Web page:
Congressman’s Agriculture Bill Would Allow Credit Extension to Cubans; Trump May Not Be On Board

WASHINGTON, D.C. — A U.S. congressman from Arkansas will reintroduce legislation to ease trade restrictions with Cuba and says he’s hopeful that barriers to agricultural sales will be addressed early in 2017.

However, it’s unclear whether President-elect Donald Trump will be willing to support the bill, which is sponsored by Rep. Rick Crawford, a Republican from Jonesboro, the Arkansas Democrat-Gazette reported.

The federal government currently bars farmers from extending credit to Cuban purchasers. As a result, Cubans must provide “cash in advance” whenever they purchase U.S. agricultural products.

Crawford’s legislation would allow credit to be extended, a change favored by many of Arkansas’ farm groups. HR 3687, the Cuba Agricultural Exports Act, also would allow Americans to invest in Cuban agricultural businesses that are not controlled by the government there.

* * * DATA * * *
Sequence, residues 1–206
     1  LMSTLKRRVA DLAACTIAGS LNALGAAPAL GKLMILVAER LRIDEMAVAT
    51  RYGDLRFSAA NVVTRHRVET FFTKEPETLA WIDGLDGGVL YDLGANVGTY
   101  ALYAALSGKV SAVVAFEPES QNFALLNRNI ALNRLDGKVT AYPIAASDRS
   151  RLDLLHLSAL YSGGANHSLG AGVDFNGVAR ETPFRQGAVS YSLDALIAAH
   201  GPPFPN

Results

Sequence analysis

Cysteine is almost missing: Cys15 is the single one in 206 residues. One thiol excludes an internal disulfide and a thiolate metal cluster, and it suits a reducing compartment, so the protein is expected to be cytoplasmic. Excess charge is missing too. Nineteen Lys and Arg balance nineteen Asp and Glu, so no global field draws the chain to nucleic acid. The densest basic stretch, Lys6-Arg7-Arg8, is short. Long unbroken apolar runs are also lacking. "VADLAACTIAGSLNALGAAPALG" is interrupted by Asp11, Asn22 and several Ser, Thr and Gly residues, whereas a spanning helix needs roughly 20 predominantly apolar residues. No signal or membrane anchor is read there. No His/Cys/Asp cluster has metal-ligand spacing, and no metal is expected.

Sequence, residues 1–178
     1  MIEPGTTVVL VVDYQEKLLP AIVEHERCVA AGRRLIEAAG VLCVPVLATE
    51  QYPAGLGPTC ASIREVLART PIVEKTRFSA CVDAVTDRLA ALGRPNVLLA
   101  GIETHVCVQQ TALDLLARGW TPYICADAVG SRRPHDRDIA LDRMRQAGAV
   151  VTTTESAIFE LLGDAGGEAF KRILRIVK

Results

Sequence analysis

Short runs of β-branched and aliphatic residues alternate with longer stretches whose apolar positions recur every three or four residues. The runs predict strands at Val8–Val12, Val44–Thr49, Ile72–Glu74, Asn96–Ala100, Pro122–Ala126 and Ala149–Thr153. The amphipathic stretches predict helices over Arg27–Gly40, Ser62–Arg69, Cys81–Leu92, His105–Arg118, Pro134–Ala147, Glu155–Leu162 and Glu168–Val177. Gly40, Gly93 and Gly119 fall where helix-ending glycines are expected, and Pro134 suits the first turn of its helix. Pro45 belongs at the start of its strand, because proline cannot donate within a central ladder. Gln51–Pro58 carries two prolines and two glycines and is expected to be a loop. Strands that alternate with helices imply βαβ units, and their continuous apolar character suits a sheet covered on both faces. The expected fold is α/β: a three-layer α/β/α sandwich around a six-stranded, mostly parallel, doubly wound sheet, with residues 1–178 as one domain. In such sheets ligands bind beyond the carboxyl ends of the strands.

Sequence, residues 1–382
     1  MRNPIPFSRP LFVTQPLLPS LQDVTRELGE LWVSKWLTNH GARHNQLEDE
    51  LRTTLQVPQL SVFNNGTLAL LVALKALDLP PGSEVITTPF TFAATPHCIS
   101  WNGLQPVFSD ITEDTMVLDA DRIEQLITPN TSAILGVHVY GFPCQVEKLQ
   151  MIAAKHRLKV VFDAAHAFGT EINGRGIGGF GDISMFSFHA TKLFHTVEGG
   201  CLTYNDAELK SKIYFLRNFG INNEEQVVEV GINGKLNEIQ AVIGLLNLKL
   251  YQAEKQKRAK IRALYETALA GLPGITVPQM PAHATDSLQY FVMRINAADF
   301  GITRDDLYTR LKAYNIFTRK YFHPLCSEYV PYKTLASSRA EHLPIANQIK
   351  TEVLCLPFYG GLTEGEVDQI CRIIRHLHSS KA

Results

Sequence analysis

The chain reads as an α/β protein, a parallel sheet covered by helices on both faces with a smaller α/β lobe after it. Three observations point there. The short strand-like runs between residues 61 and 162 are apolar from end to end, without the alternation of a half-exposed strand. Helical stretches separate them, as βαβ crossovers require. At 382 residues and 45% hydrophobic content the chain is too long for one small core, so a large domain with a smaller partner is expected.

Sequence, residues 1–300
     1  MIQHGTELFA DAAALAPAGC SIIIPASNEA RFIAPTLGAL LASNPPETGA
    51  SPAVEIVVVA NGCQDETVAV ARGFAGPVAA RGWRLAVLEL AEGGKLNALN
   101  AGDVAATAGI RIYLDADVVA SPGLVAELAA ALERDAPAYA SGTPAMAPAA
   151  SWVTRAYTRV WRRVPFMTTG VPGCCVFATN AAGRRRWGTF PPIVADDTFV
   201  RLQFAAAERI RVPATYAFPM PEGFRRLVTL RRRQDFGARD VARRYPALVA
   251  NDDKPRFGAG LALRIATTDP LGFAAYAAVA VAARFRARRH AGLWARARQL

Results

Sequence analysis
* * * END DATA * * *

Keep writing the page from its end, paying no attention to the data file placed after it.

Arkansas produces roughly half of the nation’s rice. The state, along with Georgia, Alabama and North Carolina, also is one of the largest poultry producers. Chicken and rice are dietary staples in Cuba, with a population 11.3 million, and Arkansas farmers are eager to do business there.

Crawford’s bill had 48 co-sponsors, but it encountered fierce opposition, particularly from the Cuban-American community. “We’re not trying to do anything that would empower the regime,” Crawford said. But he also added that America shouldn’t surrender the Cuban market to communist competitors from China and elsewhere.

“We can play a positive role there, fill that void, give them a cheaper, safer more readily available food supply or we can continue to view this through the lens of the Cold War and allow them to continue down that communist road that doesn’t work for anybody,” he said.

Over the past two years, President Barack Obama has taken steps to normalize relations between the United States and Cuba, opening an embassy in Havana, adding daily flights, removing barriers to travel and allowing increased imports of Cuban cigars and rum.

The prohibition on agriculture credit, however, remains.

Trump has been critical of efforts to normalize relations with Cuba and has threatened to reverse course once he takes office.

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